A Q&A with Andrea Douglas: parent, volunteer, cancer survivor

Kitchissippi Times: You are organizing a new swimming event and fundraiser for The Ottawa Hospital’s Breast Health Centre, but we want to hear a bit more about you first. Can you tell us a bit about yourself?

Andrea Douglas: I am a born and bred Ottawan. I grew up in the east end and my husband, Tim, grew up in the west end. So after we got married and were looking for a house, we settled on middle ground, with the number one criterion being that we had to live within walking distance of the Ottawa Bagel Shop. We’ve now lived in our “starter” home for 27 years. Over the years, I’ve been involved with the West Wellington Community Association and served on school councils in every school my two daughters attended – Elmdale, Fisher Park and Nepean H.S. I was also one of the main instigators behind the Save Our School campaign that successfully kept Elmdale (currently overflowing with enrolment) from being closed in 2000. I like to rally behind causes I believe in.

KT: You’ve also had your own experience with cancer.

AD: In 2014 I was diagnosed with breast cancer. I was overwhelmed by the kindness and support I found in my friends and my community. When you first hear those words “You have cancer” you lose every ounce of strength you thought you ever had. But buoyed by the great medical system we have, and by the love of my family and friends, I was able to come back from that hellish year, rebuild my life, and find new joy and opportunity in every day.

KT: You are also helping others with their recovery. Tell us more about that.

AD: Part of what sustained me during my “journey,” was a hospital-led support group for women undergoing breast cancer treatment. I met seven ladies who remain friends today and our shared support filled with tears and laughter helped me survive and eventually thrive. After my recovery, with my girls both at university and no more school councils to work on, I naturally turned my attention to making the breast cancer journey for other women more manageable. I joined the Board of Breast Cancer Action Ottawa, became a peer support counsellor and started a breast cancer support group through BCA. I speak about my experience at hospital fundraisers and any other forum that asks. Giving back in this way is also an important part of my own healing process.

KT: How did swimming come into your life? 

AD: Both my girls swam competitively and my youngest, Annie, is a third-year varsity swimmer at Dalhousie University. It was never my idea, but they embraced it so what else could I do?! After years of watching them from the stands and officiating at swim meets, I finally decided to jump in myself and started doing Masters swimming. Early on when I was learning flip turns I think I almost drowned. And one day when my supportive daughters were in the pool with me, they were laughing so hard they almost drowned. I stopped during treatment but picked it up again a year later. Getting back in the pool helped me heal physically and mentally, and the bonus is the camaraderie of my B-Train swim group.

KT: So how did this turn into our “Olympink” event? Catchy name by the way!

AD: My lane mate John McLean was inspired by my story and wanted to give back in some way to The Ottawa Hospital’s Breast Health Centre so he dreamed up the idea of a swim meet/fundraiser. My coach, Andrea Smith, a former Olympian, jumped on board and an event was born. I am overwhelmed by the amount of work our organizing committee has put into the creation of this event on April 7– and along with the participation of six former Olympian swimmers, breast cancer survivors and regular Masters swimmers, it’s going to be a really exciting inaugural event. As for the name – full credit to my husband who just dreamed it up when I told him about the involvement of the Olympians.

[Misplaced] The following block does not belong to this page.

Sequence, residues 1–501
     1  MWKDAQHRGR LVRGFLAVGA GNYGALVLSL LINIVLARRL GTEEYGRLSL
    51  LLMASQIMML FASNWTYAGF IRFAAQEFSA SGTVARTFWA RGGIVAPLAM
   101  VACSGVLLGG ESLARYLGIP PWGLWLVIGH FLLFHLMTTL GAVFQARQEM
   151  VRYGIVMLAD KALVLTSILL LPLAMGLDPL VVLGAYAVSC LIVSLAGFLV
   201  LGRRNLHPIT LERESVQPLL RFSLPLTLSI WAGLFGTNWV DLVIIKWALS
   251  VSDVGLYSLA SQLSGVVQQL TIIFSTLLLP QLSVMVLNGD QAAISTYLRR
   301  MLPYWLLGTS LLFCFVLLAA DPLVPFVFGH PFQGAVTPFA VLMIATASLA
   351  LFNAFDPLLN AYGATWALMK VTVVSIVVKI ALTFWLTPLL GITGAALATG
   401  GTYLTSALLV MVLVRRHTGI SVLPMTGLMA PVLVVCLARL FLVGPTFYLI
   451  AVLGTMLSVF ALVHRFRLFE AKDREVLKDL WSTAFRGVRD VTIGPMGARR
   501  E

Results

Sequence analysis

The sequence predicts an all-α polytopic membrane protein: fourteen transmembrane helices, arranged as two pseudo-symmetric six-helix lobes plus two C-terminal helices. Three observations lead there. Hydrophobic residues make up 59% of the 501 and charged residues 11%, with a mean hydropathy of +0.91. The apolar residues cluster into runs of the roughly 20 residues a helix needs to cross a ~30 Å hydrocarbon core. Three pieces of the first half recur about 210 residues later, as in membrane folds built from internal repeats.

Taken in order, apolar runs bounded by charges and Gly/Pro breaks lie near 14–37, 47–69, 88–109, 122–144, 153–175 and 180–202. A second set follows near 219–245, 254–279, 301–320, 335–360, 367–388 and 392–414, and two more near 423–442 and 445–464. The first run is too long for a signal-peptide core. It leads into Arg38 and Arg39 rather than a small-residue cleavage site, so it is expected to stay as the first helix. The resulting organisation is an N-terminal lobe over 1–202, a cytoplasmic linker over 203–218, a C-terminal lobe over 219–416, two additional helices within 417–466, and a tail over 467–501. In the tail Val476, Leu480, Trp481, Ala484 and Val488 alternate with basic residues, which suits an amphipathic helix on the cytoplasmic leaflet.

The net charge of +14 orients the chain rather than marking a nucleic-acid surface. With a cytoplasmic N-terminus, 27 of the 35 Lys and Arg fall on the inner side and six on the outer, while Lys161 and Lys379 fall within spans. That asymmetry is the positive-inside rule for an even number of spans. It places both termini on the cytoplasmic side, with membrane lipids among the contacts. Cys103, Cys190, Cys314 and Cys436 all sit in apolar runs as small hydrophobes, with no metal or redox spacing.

KT: So there will be some swim celebs there too. Will local swim fans have a chance to meet them?

AD: Anyone who loves swimming, or sport or watching Olympians in action needs to come and cheer us on. The Hon. Catherine McKenna, herself a Masters swimmer, is going to officially start the meet at 1 p.m. (at Brewer Pool on April 7) and the first event will see our six Olympians going head to head in a “fun” individual medley event – there might be some competitive juices flowing! World record holder Annamay Pierse and Canadian record holder Mike Brown are just two of our Olympians.

KT: How can people donate? What will this money help fund? 

AD: It’s easy to donate at olympink.org. We are supported by The Ottawa Hospital Foundation so you’ll get a tax receipt. We would love some more corporate sponsors, and most importantly, more swimmers. We’ve got our expenses covered now so at this point, even your swim registration fees will go directly to the Breast Health Centre.

I point out to people that my story isn’t special or unusual. And maybe that’s the point. When one in eight women in Ottawa will be diagnosed with breast cancer, I hardly stand out in a crowd. That’s why we need more money for research and technology to support and enhance the work being done at the Breast Health Centre. It’s not about me. It’s about your friend, your mother, your neighbour. It’s about our community.

 Read other Q&A’s with community members right here.

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